An Australian icebreaker is closing in on a ship wedged in Antarctic sea ice as part of a second rescue mission to free the stricken ship.
A group of scientists, explorers and tourists has been stuck on the Russian research ship Akademik Shokalskiy, about 1500 nautical miles south of Hobart, for the past five days.
Two icebreakers have given up their efforts to push through the thick and dangerous ice floes near Antarctica to try to free the trapped research ship.
A third icebreaker, Australia’s Aurora Australis, is on its way to the ship and was due to arrive about 11 o’clock last night.
It is the last ship in the area that will be able to help.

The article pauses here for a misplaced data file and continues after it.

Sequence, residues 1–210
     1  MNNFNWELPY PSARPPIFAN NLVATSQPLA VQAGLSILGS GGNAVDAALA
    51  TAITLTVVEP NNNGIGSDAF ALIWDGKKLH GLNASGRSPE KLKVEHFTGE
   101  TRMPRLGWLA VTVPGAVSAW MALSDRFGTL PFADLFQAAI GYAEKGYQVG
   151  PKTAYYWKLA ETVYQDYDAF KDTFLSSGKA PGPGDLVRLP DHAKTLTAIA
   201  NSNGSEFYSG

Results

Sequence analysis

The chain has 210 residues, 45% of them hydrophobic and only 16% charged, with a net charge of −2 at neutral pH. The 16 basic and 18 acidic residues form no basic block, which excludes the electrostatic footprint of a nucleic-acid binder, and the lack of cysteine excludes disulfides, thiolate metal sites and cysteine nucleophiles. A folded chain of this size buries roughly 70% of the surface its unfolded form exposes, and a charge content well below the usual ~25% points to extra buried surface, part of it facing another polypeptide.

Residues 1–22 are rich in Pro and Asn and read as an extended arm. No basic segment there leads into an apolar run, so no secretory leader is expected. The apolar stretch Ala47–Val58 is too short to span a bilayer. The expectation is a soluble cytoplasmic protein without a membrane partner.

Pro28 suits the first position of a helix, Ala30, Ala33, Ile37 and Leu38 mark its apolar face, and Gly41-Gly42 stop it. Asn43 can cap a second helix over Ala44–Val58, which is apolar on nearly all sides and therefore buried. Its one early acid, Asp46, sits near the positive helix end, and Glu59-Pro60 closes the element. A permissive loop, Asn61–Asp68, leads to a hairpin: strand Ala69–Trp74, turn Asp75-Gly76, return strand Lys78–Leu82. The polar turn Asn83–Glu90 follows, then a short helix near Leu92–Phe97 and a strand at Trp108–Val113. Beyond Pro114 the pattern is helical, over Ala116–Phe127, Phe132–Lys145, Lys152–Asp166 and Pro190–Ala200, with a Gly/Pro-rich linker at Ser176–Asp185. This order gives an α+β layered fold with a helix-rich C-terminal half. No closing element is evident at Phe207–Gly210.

If the Aurora Australis can’t battle through the ice, the Australian Maritime Safety Authority says a second option may be to consider ferrying trapped passengers with a helicopter.
The locked-in ship, with 74 people on board, sent a distress call on Christmas Day after becoming trapped in heavy sea ice.
The ship had been undertaking the Spirit of Mawson voyage, which is retracing Sir Douglas Mawson’s Antarctic expedition.
Illawarra scientist Professor Chris Turney, of the University of NSW, is leading the expedition, comprising scientists, explorers and enthusiasts undertaking climate research. University of Wollongong academic Ben Maddison is also on board.
Prof Turney said during several interviews with international media outlets that everyone was in good spirits despite the ordeal.
The Aurora is rated at being able to push through ice slightly deeper than one metre thick.